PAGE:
Discussion in 'Luthier's Corner' started by RainH2O, Feb 26, 2014.
Some pics to catch up my progress.
Seems interesting. I wonder what it will sound like when finished
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The concept and build are fascinating. While I've heard of a piccolo bass, I've never seen or handled one. How many strings are planned, and what would be the tuning?
Going to be 4 string. EADG, but an octave higher than normal (this thing is really short - 22.875" scale). Trying for something similar to a Marleaux Consat Sopran.
I like to build odd things that I can't buy.
Catching the thread up. Routed the neck pocket, routed the pickup cavity, carved the neck, drilled the holes for the pots, glued the neck, drilled the holes for the bridge screws, and inlaid the headstock.
Carved a lower case "r" out of mammoth ivory for the inlay.
Sanded through grits 80-100-120-150-180 and rubbed with naptha to identify any remaining scratches.
Nice to some some other people using mammoth ivory. Build is looking great over all.
Seems pretty cute overall. Like a bass puppy.
How do you cut yours? I tried the bandsaw, but it was too brittle (and threw sparks everywhere). I tried a jewelers saw, but it stripped the blade down to practically a bare wire. Too brittle for the rotary tool. I ended up milling away material with the narrow drum for my spindle sander.
Thanks! I know this isn't terribly practical, but I thought it would be a fun build. Something a little different.
I would very much like to see it done. Subbed!
I used a bandsaw to cut it, but a pretty small one, the table top kind. I did test it on a floor standing bandsaw, I got the same result, very rough cut.
The small bandsaw did ok though. I found the stuff was pretty easy to file and sand though, so I cut a little over size just to make sure.
I did cut a second nut which I cut using a coping saw, that did ok too.
So in general, use sanding and filing to get your shape, rough cut with a fine bandsaw blade or fine coping saw.
Yeah, definitely. I hope I didn't come across as patronising by calling it "cute". I genuinely think this is a really exciting project. Can't wait to see it finished.
Not at all! Everybody loves puppies. And basses.
Working on the finish. Trying something bordering on heresy - clear acrylic. I used transtint to get the color (mix of honey amber, vintage maple, and orange). Used three slightly different mixes for a very subtle color change toward the edges (not enough to even call a burst). The clear acrylic isn't normally something I would consider, but I used it recently on a set of maple revolver grips. It gave me an effortless "dipped in glass" look. Since the grips were small, it was easy to control for runs. I've had a couple on the back and so far they were easy to fix. I waited the 20 minutes "dry to handle" time, sanded them flush, then hit them with another coat. The next coat melted in smooth. I feel like I'm cheating. I usually use nitro (and will continue to do so), but I don't think I'm sacrificing much in the way of tone, considering this is a novelty project. Not exactly going to bring the thunder with a bass that's smaller than a guitar, but I do think it's going to be fun.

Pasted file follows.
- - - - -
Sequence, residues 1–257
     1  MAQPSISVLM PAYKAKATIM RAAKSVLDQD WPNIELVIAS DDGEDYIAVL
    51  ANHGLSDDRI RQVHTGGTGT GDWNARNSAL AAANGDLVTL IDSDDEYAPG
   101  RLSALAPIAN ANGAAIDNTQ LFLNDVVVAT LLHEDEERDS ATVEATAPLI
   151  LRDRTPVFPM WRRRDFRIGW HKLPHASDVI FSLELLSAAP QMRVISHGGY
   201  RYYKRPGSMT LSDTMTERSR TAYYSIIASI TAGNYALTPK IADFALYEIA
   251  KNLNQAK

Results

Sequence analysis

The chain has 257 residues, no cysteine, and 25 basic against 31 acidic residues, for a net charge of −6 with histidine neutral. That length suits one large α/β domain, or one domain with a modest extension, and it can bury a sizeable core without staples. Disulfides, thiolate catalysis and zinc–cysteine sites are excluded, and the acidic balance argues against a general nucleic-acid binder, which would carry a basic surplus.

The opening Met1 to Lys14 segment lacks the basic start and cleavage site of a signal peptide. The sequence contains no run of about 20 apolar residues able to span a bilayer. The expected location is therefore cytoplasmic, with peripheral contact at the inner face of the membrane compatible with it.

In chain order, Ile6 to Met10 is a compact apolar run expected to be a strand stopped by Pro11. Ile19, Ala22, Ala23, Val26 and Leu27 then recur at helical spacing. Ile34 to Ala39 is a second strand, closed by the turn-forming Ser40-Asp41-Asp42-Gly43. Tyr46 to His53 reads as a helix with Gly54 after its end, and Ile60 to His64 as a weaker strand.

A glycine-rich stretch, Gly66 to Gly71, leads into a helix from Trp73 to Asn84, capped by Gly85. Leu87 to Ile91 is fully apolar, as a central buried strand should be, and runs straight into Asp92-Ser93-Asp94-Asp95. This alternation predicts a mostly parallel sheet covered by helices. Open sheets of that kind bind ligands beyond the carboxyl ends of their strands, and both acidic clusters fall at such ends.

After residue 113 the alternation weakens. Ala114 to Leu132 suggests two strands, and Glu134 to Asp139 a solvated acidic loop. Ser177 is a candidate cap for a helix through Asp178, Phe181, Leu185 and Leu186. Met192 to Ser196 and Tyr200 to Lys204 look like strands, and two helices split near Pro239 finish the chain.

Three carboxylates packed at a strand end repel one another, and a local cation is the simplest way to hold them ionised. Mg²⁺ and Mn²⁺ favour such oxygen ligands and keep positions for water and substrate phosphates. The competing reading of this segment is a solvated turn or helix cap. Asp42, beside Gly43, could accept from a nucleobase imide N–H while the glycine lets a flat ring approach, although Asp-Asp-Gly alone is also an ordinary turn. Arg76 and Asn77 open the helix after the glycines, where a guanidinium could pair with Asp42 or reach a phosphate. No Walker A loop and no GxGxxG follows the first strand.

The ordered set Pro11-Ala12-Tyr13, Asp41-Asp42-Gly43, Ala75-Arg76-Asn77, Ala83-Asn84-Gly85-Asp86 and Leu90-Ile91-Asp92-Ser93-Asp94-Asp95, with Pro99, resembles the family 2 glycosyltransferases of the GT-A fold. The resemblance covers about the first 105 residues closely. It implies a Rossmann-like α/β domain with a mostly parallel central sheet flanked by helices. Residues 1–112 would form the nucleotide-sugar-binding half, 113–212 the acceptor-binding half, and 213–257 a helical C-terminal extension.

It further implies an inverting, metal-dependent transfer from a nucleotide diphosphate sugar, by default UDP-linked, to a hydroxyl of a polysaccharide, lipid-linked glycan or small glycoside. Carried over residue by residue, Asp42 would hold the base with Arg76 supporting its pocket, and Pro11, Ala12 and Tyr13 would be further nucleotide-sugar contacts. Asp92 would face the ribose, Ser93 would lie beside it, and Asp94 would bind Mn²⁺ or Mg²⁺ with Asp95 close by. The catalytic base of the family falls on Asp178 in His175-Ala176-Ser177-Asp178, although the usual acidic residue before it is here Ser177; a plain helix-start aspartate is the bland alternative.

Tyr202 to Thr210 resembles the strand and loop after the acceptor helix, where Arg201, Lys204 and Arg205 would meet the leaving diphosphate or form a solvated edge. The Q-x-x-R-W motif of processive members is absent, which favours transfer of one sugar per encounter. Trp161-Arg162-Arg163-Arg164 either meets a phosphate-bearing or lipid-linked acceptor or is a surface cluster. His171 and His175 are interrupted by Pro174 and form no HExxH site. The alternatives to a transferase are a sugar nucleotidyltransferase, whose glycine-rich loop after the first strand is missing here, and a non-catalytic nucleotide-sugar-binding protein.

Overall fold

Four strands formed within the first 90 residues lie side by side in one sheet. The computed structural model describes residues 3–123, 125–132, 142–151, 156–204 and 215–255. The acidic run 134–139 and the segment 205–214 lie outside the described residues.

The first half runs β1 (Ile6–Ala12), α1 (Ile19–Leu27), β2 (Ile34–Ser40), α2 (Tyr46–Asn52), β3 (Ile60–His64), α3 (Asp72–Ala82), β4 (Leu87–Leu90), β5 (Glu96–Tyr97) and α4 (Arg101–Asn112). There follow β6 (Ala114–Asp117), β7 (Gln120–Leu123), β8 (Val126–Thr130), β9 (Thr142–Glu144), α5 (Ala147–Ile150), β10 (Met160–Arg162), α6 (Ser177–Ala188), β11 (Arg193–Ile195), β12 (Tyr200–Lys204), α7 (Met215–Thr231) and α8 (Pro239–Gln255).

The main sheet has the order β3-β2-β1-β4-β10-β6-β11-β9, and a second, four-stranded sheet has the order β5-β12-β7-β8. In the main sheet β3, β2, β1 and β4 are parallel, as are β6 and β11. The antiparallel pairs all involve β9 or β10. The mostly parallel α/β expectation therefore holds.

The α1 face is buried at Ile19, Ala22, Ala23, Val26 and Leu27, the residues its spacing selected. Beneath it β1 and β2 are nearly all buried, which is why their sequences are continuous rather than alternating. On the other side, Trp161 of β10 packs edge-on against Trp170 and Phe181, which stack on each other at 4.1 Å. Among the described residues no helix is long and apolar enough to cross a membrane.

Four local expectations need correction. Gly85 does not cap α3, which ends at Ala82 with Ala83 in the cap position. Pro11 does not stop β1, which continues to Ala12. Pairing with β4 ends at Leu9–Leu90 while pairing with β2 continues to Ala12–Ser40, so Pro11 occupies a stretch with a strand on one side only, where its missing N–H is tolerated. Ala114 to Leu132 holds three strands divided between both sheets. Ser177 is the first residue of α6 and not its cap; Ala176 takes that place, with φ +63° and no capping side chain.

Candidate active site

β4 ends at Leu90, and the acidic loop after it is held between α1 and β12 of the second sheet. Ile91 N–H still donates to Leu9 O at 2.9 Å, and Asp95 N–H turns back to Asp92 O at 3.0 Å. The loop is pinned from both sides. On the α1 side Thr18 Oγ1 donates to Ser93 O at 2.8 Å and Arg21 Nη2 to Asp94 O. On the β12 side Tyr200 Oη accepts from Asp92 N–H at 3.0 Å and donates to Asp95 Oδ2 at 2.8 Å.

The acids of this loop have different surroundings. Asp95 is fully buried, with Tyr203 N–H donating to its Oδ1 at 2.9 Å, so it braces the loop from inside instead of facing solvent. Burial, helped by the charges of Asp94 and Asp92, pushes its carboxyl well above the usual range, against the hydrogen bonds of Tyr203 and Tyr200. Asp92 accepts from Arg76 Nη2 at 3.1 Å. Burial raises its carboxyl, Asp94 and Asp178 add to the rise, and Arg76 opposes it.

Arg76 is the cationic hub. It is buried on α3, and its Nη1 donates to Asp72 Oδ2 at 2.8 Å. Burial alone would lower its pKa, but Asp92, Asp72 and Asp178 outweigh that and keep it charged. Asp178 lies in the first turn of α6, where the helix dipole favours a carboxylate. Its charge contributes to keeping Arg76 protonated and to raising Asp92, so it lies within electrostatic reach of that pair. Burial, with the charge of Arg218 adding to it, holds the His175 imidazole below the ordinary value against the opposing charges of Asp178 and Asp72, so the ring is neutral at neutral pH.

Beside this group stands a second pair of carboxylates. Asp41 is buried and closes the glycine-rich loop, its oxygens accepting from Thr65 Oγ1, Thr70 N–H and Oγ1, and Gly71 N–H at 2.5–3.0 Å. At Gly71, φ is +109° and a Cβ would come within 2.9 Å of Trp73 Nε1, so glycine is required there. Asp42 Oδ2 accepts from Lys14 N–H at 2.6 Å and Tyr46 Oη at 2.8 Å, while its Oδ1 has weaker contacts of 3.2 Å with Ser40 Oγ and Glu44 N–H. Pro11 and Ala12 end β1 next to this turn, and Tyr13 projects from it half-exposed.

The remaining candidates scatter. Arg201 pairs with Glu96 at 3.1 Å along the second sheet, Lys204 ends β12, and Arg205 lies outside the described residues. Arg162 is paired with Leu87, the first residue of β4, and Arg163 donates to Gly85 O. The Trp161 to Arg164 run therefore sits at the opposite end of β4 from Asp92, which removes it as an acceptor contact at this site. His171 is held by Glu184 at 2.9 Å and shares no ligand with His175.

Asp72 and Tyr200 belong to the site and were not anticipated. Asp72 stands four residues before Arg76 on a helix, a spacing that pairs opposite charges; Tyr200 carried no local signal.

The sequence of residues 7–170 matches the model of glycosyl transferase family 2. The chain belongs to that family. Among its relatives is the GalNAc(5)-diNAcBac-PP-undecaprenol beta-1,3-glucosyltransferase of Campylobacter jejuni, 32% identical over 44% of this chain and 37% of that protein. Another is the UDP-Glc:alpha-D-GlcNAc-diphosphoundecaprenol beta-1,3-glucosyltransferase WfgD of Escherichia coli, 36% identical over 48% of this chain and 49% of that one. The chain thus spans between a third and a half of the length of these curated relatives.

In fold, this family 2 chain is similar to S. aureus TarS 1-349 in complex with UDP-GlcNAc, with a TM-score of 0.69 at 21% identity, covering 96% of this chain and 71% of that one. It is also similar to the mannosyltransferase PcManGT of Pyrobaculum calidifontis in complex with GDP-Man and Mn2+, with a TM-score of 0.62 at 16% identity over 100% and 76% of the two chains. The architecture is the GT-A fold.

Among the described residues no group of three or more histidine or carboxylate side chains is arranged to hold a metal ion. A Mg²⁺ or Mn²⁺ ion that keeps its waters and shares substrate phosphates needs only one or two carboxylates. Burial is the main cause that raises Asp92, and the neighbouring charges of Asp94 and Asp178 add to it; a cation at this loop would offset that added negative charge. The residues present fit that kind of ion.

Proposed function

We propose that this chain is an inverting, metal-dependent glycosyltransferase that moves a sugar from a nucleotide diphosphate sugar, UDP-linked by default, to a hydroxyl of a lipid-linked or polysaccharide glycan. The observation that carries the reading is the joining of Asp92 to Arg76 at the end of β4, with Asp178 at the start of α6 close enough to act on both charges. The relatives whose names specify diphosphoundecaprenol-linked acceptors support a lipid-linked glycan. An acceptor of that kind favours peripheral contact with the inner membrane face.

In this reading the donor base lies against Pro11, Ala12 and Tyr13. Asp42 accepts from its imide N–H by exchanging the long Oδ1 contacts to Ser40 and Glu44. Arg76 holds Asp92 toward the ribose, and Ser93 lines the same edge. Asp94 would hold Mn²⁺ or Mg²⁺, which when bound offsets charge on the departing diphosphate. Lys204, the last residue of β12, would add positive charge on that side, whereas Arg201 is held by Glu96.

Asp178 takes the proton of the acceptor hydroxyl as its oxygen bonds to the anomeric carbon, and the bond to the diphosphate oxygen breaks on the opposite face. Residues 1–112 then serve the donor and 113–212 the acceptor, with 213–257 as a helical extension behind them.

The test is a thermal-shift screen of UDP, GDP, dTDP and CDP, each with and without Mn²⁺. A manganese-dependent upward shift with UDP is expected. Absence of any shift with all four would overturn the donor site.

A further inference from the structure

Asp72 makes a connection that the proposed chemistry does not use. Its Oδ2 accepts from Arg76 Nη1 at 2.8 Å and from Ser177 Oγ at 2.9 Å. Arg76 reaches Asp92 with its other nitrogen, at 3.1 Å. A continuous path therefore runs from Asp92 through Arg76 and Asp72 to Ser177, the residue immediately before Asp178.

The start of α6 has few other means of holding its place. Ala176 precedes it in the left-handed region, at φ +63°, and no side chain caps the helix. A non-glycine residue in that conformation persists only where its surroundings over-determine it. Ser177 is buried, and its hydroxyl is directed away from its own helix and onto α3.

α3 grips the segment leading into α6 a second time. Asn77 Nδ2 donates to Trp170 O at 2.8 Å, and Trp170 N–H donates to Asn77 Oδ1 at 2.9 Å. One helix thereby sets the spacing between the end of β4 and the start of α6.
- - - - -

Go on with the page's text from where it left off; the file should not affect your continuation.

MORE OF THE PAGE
Going to hit it with one more coat after checking for new runs later tonight. Planning to assemble tomorrow. Still needs frets.
Going to have to wet sand away some orange peel. This is the bass beside a 14.7" scale octave guitar.
That is beautiful! The finish is awesome so far. That's a cool little spalted guitar too!
Going to have to re-do the clearcoat. In the process of wet-sanding away the orange-peel texture, I pretty much removed the clearcoat. I'll be working on that in the afternoons next week.
This morning I decided to assemble everything just to check for fit (and because I wanted to see what it's going to look like). Going to need to shave a little thickness from the back of the headstock for the tuners to fit a little better.
One question. Since I'm stripping the last remnants of the clearcoat before re-coating, should I go darker with the finish? While I have it stripped down, I could re-dye it darker (that part of finishing is easy). The reason I'm asking is that I'd like to have more contrast between the fretboard and the body/headstock. Currently it all blends together.
Here are a couple of pics with all the hardware. I put in on the wall with a few Les Pauls for size comparison.
It looks great!
I like the idea of darkening the body for contrast, but I've also seen a lot of basses really pull off the pale look when the contrast comes from the hardware. I think the combination of pale woods with black hardware, knobs, pickups and black strings looks really good. On the other hand, the "blonde" telecaster with its maple board, alder body, white pickguard and chrome hardware is just too much.
The good news for you, using full-size hardware on such a small body is that the hardware makes up a much higher percentage of the aesthetic than usual
It'll look great either way, I think.
Excellent. Beautiful work.
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